How bad does a disk have to be before Gnome Disk Utility stops saying OK?

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fountains
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How bad does a disk have to be before Gnome Disk Utility stops saying OK?

Post by fountains »

I have an OCZ 60GB SSD hard drive which I took out of service a while back due to it having errors.

I plugged it in again recently, and using Gnome Disk Utility, ran the "extended self assessment" test.

The uncorrectable ECC count did not change (from 18112 sectors) but the other error counts went up to over 100 million. (That was Read Error Rate, Soft Read Error Rate and Soft ECC Correction).

The test took ages - presumably due to the errors, and OCZ inform me that the drive "appears to be defective".

At the end of the test Gnome Disk Utility still says (under OVERALL ASSESSMENT) "Disk is OK".

I often use Gnome Disk Utility and find it generally very useful, but how bad does a disk have to be before Gnome Disk Utility stops saying OK? I've never seen it say anything other that OK.

itsme4401
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Re: How bad does a disk have to be before Gnome Disk Utility stops saying OK?

Post by itsme4401 »

Don't know the answer.
However I always make an image of my whole HDD the very moment I start doubting its integrity. Advise you to take the same attitude and precaution at least to this disk!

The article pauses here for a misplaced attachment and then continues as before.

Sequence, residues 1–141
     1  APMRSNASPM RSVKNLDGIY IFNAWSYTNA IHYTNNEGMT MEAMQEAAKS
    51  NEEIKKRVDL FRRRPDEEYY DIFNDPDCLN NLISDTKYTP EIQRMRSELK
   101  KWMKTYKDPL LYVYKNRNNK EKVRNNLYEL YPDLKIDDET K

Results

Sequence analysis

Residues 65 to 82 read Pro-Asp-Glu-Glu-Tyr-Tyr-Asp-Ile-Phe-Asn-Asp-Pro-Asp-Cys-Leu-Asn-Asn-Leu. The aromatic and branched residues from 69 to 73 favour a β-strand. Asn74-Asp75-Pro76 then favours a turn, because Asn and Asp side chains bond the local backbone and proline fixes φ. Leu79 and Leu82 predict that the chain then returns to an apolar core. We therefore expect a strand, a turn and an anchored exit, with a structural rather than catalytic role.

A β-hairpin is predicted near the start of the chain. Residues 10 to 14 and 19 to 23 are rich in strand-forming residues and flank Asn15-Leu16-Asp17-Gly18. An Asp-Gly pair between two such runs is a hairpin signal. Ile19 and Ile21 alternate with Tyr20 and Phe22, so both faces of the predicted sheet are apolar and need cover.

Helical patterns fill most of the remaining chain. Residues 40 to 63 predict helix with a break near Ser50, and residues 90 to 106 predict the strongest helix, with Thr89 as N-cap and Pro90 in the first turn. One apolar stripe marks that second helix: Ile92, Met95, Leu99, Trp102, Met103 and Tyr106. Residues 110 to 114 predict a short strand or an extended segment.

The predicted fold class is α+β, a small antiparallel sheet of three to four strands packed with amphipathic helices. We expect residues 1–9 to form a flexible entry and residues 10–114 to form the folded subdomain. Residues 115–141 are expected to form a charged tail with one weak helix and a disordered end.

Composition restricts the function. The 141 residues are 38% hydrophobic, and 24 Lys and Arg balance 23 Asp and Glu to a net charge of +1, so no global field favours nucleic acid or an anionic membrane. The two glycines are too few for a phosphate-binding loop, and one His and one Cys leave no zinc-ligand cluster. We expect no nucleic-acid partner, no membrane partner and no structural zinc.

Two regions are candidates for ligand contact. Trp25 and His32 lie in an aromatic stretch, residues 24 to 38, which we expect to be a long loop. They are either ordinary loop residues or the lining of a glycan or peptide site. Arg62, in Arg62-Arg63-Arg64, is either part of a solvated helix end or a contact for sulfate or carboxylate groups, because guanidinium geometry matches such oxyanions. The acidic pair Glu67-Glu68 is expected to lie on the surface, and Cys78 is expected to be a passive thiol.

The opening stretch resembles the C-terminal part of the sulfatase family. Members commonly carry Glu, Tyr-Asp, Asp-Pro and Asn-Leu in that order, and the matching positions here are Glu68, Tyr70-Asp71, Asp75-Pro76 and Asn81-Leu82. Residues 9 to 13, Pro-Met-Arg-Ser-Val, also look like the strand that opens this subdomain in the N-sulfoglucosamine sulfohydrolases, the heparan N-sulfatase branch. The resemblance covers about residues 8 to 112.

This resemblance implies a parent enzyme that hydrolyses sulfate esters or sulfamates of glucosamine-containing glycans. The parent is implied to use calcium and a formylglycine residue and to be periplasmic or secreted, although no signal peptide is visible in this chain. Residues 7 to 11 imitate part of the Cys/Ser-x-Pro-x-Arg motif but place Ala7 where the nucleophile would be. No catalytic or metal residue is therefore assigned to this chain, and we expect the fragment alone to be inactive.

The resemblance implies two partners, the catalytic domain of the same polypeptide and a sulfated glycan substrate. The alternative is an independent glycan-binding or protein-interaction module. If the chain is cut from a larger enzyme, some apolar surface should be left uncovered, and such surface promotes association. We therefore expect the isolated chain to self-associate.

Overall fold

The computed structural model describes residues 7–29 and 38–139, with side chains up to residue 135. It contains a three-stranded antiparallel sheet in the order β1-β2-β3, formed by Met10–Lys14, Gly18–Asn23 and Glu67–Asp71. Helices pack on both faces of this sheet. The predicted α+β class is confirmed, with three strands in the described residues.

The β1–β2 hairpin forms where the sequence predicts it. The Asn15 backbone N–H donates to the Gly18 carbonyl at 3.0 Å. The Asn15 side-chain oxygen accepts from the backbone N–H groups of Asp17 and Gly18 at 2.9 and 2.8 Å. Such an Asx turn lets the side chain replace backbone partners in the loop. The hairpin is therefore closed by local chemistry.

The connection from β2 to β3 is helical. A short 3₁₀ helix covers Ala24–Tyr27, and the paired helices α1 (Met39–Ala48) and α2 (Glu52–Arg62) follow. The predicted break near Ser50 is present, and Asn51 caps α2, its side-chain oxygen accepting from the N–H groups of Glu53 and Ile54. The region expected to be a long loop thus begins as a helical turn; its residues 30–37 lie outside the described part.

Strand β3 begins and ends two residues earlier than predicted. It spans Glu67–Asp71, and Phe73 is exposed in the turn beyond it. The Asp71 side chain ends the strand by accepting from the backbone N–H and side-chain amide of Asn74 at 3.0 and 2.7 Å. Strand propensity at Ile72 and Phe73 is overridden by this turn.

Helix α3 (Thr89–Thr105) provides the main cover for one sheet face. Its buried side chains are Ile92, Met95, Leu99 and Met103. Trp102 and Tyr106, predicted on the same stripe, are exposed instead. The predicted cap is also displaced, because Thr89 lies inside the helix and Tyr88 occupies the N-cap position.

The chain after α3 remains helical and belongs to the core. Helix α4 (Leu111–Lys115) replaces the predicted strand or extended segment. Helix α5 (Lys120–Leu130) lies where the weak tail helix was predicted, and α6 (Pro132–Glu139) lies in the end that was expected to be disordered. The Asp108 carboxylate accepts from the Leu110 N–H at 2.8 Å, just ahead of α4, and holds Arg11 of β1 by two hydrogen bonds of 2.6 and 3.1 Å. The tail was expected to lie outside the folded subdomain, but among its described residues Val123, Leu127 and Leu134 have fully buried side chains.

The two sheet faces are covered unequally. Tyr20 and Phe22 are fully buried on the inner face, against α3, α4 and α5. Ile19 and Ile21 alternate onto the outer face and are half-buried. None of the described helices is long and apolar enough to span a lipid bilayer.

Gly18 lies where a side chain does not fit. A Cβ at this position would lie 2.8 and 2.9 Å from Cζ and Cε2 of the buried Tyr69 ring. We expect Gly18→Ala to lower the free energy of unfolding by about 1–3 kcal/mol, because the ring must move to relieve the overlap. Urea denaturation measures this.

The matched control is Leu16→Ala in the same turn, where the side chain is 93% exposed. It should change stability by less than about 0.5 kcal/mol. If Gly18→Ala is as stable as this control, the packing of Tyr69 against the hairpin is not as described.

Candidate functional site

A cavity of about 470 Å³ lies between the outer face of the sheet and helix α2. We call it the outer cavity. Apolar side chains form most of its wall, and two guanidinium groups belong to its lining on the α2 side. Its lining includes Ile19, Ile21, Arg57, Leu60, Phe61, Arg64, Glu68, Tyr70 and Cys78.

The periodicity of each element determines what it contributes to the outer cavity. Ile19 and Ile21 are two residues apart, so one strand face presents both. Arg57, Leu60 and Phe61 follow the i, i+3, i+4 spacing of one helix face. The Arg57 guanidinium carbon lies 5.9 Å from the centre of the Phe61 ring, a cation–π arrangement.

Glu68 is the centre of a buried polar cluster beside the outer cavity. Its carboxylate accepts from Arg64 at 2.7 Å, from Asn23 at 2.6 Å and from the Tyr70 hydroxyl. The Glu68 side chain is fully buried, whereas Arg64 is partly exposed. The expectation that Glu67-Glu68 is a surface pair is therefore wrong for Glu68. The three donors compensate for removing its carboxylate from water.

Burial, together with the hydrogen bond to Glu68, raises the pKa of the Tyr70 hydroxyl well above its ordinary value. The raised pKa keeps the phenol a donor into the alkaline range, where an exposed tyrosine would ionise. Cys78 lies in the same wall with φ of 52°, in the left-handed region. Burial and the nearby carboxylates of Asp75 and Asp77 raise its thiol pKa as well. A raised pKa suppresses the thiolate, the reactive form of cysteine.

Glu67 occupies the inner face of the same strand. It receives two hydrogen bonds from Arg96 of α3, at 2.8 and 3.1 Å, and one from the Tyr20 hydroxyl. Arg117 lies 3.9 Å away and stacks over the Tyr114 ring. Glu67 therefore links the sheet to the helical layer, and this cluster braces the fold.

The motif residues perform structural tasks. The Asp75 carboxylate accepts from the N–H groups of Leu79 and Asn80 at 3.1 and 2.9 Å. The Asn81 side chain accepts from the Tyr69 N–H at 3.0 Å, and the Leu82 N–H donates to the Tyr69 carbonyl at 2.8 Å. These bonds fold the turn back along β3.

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Pjotr
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Re: How bad does a disk have to be before Gnome Disk Utility stops saying OK?

Post by Pjotr »

The "OK" verdict is misleading. Any amount of bad sectors, even 1, means: backup and replace as soon as possible.

Once a disk starts to rot, it usually deteriorates quickly and can't be trusted anymore.
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fountains
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Re: How bad does a disk have to be before Gnome Disk Utility stops saying OK?

Post by fountains »

I need to read up about the subject but suspect the ECC errors in an SSD are not comparable with bad sectors in a traditional hard drive. I think the SSDs are quite good at covering errors up to a point.

I replaced that failed OCZ drive with a Samsung SSD and that too has started to develop "uncorrectable ECC count" errors" - but only up to 9 or so and no other errors, however I have replaced that as well, going back to a WD spinning hard drive. They have always given very good service, but it is slow after the SSD.

I've put the Samsung SSD and its ECC errors into a rarely used laptop - which it has transformed.

I've had three SSDs in total. The third one was faulty and returned - so not a good record.

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